Islam, since its very inception, has suffered from a serious inferiority complex.
Muhammad as an aspiring prophet in his home city of Mecca labored for some twelve years to convince his fellow citizens that they should renounce polytheism and bow before the sovereign rule of Allah. By the time his tribe’s patience had run out and he was finally driven from Mecca in 622 AD, the wannabe prophet had attracted a relatively small number of converts from the people of his city, and the number of his detractors was growing increasingly vociferous.
Muhammad had hoped to win support for his religious claims and stature from the other main monotheists of the region, the Jewish and Christian tribes known as “people of the Book [i.e., the Bible].” He even included in his preaching repertoire stories he had picked up listening to oral traditions concerning biblical characters. However, as the Jews and Christians learned more of his grandiose claims and eccentric teachings, they concluded he was not a prophet sent by the God of their revelations.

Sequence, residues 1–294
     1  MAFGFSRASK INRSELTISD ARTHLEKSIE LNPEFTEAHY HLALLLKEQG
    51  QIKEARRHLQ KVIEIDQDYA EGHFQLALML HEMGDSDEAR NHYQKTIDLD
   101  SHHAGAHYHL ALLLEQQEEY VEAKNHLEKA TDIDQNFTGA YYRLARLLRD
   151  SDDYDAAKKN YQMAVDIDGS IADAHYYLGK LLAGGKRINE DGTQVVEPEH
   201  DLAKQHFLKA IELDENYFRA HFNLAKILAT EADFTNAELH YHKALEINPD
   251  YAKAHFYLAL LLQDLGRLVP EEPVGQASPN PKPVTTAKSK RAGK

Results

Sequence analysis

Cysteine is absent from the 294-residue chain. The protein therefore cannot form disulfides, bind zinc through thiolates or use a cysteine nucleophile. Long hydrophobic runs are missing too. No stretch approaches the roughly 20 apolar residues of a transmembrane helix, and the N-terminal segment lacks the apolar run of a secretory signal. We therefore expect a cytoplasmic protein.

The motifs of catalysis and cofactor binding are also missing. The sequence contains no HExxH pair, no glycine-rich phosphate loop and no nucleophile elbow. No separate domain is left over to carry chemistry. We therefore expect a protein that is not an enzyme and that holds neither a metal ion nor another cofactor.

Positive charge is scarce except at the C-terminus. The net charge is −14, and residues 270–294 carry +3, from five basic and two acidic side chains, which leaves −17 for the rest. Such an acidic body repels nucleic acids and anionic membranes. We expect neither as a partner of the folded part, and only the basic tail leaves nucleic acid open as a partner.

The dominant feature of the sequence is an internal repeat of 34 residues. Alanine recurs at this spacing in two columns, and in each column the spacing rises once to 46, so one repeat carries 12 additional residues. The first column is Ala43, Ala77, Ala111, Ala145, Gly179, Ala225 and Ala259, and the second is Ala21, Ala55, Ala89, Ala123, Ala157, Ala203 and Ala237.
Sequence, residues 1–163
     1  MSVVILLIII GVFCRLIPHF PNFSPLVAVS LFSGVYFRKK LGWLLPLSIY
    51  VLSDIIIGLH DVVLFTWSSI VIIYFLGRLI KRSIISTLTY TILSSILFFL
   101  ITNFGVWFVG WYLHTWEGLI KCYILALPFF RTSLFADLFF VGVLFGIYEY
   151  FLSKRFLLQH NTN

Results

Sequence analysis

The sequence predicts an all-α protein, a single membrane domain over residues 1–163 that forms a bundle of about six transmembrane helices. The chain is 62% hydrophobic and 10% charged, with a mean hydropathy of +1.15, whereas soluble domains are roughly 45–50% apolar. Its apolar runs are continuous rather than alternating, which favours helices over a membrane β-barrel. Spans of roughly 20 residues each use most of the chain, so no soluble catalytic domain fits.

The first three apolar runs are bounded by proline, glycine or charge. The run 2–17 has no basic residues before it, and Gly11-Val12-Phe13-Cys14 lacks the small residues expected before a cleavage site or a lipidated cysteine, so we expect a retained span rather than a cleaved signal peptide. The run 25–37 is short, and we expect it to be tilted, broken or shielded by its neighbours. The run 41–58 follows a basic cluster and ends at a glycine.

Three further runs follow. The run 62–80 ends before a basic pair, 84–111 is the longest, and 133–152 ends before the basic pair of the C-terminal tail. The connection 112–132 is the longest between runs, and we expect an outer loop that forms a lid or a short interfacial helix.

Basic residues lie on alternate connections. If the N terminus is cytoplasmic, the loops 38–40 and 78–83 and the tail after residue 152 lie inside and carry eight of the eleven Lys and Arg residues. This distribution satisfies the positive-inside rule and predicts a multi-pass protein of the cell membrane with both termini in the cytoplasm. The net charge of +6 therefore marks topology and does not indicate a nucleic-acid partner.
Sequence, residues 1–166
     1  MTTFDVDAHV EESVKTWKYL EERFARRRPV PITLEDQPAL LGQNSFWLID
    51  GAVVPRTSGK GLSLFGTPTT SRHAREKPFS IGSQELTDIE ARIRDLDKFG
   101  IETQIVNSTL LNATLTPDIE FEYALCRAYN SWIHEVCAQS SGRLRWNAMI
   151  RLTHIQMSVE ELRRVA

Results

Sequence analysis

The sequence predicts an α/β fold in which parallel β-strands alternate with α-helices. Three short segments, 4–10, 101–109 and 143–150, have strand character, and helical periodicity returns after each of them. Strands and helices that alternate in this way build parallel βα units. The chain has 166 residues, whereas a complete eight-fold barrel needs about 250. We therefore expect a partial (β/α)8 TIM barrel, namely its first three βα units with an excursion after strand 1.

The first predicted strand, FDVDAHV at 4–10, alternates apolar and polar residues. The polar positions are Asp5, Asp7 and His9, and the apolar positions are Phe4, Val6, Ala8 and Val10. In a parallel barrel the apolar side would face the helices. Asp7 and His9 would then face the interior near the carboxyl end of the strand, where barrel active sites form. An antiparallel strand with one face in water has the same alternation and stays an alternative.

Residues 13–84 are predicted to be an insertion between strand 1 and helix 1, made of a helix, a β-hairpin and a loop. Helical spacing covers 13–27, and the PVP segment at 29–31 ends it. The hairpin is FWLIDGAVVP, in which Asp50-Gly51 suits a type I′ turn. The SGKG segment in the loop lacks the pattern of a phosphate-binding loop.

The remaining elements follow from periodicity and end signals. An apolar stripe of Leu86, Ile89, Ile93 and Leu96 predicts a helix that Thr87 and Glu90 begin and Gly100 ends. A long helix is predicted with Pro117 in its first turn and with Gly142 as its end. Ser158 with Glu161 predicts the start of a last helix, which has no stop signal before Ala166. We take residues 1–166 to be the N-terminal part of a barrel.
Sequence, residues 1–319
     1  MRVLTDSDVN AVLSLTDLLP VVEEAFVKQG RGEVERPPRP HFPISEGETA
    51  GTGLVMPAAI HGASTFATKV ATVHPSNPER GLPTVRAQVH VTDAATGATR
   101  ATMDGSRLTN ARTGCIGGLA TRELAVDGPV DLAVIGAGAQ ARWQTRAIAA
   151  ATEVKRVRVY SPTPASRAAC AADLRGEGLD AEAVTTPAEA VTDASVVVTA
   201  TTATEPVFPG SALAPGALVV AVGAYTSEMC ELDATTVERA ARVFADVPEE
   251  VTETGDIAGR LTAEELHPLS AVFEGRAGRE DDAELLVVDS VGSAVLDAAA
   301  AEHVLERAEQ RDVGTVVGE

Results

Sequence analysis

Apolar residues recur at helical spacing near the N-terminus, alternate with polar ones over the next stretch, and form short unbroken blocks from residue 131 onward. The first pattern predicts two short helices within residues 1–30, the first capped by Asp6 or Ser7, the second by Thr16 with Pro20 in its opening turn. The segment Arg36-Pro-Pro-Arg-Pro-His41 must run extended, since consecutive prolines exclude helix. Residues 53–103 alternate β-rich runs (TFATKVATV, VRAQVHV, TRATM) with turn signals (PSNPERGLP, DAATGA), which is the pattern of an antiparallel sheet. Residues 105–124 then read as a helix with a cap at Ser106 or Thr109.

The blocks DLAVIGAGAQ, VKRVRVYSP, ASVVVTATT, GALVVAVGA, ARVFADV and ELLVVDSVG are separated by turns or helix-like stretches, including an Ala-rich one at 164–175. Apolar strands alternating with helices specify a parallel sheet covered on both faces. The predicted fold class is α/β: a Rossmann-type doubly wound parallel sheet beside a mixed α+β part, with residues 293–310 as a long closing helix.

Rejected by the polytheistic people of Mecca and by the monotheistic tribes in western Arabia, Muhammad turned his growing wrath toward them. His preaching became more antagonistic and defensive, with Allah pledging hellfire against the prophet’s opponents and propping up Muhammad’s ego at the same time. Within his community of believers, his will was unassailable, and even Allah seemed eager to do his bidding, providing him wives and booty and self-serving revelations.